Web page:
Editorial

We salute you, Mr Chris Gayle

Sunday, June 08, 2014    

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Whatever happened that riled up Mr Christopher Henry Gayle into uttering stinging remarks recently, presumably against Jamaica's political administration, may be worth examining with a view to seeing what can be done to address the situation.

For it is not often that we find someone like the now seasoned Jamaica and West Indies cricketer hitting out in such terms, unless something dreadful was the root cause.

Mr Gayle's forthright pronouncements at the launch of his academy at the legendary Lucas Cricket Club in East Kingston last Thursday come at a time when the left-handed opening batsman and useful slow bowler is marking a milestone today -- that of attaining the enviable feat of playing 100 Test matches, assuming that fitness allows him to.

The first Test match between West Indies and visiting New Zealand at historic Sabina Park in the Jamaica capital of Kingston -- a ground originally named after a woman slave -- is significant for the tall 'home boy', as he becomes only the second Jamaican to have played 100 Test matches, the other being fast bowling great Mr Courtney Walsh.

Mr Gayle's achievement also puts him in the illustrious company of eight other West Indies cricketers -- Messrs Clive Lloyd, Vivian Richards, Cuthbert Gordon Greenidge, Desmond Haynes, Carl Hooper, Brian Lara, Shivnarine Chanderpaul, who is still a member of the present team, and, of course, Mr Walsh.

And while he has deflected attention from the importance and significance of achieving the 100-Test milestone to speculation of what it was that he asked the Government for and did not get, there is no way that we could follow the crowd into wanting to know what is wrong and simply forget what the former Excelsior High School student has achieved since he made his debut against Zimbabwe at Port of Spain on March 16, 2000.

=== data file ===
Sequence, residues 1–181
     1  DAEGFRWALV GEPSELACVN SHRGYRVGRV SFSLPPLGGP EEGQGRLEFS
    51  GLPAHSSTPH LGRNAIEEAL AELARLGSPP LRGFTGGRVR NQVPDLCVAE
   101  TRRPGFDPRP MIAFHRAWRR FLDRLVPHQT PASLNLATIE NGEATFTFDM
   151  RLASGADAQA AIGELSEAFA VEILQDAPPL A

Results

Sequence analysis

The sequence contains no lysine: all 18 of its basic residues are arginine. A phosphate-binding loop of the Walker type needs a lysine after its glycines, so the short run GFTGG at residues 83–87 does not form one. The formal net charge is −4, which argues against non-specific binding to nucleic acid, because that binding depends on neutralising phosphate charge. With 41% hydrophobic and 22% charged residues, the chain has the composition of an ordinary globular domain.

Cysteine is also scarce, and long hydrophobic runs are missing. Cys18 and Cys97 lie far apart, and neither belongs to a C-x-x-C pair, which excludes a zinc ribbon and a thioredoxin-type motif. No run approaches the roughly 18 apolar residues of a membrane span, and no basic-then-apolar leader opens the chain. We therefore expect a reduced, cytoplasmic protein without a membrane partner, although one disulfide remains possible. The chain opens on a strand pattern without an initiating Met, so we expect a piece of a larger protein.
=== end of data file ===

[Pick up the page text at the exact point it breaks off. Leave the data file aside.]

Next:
In that match he made 33, run out, and zero, batting at number three. But it marked the beginning of new dawn, and Barbadian Mr Joel 'Big Bird' Garner, one known to drive fear into the hearts of opposing batsmen, was spot on when he argued for the selection of Mr Gayle in the West Indies squad. Shrugging off a challenge with the functioning of his heart early in his career, the usually cool performer went on to achieve a respectable record in the three versions of the game.

In Test matches, Mr Gayle's 99 matches so far have yielded 6,933 runs, including 15 centuries and 34 half centuries at an average of 42. He also has a topscore of 333 against Sri Lanka and has taken 90 catches, most of them in the slips.

He is only one of four batsmen worldwide to have scored triple centuries twice in Test matches, the others being Sir Donald Bradman of Australia, Mr Lara, and Mr Virender Sehwag of India.

Equally impressive are his statistics in 50-over cricket. Here, he scored most runs -- 8,743 from 255 matches, a best of 153 and an average of 37.5.

If that were not enough, Mr Gayle's accumulation of runs for the Caribbean team in the popular twenty20 version -- 1,239 from 42 matches at an average of 32.60 and a blazing strike rate of 135.55 -- places him on the top shelf.

He is the first man to score a hundred in T20 cricket (117) and still holds the record for the Indian Premier League's highest individual T20 score of 175 made last year.

Today, we say congratulations and thanks to Mr Gayle for all that he has done for the advancement of West Indies cricket, even though at one time we felt that the West Indies Cricket Board was harsh on him in its team selection and pussyfooted for too long in allowing him back on the team, following differences between both parties.

We hope that he will continue to play for as long as it is physically possible for him to do so and that he will keep on thrilling fans with his brilliant strokeplay.

Well done, Mr Gayle.

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